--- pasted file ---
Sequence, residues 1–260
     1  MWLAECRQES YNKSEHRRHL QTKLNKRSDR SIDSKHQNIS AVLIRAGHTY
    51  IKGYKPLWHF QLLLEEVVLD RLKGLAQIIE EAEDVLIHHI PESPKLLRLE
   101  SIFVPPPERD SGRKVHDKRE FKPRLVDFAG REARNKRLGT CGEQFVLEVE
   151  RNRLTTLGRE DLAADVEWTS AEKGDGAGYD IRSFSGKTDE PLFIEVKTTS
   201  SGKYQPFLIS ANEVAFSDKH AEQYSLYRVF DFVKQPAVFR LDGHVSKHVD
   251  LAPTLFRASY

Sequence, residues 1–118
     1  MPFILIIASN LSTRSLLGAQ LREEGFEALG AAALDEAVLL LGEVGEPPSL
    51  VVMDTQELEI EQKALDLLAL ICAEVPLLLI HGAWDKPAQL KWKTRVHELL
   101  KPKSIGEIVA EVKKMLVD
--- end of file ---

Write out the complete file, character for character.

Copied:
Sequence, residues 1–260
     1  MWLAECRQES YNKSEHRRHL QTKLNKRSDR SIDSKHQNIS AVLIRAGHTY
    51  IKGYKPLWHF QLLLEEVVLD RLKGLAQIIE EAEDVLIHHI PESPKLLRLE
   101  SIFVPPPERD SGRKVHDKRE FKPRLVDFAG REARNKRLGT CGEQFVLEVE
   151  RNRLTTLGRE DLAADVEWTS AEKGDGAGYD IRSFSGKTDE PLFIEVKTTS
   201  SGKYQPFLIS ANEVAFSDKH AEQYSLYRVF DFVKQPAVFR LDGHVSKHVD
   251  LAPTLFRASY

Sequence, residues 1–118
     1  MPFILIIASN LSTRSLLGAQ LREEGFEALG AAALDEAVLL LGEVGEPPSL
    51  VVMDTQELEI EQKALDLLAL ICAEVPLLLI HGAWDKPAQL KWKTRVHELL
   101  KPKSIGEIVA EVKKMLVD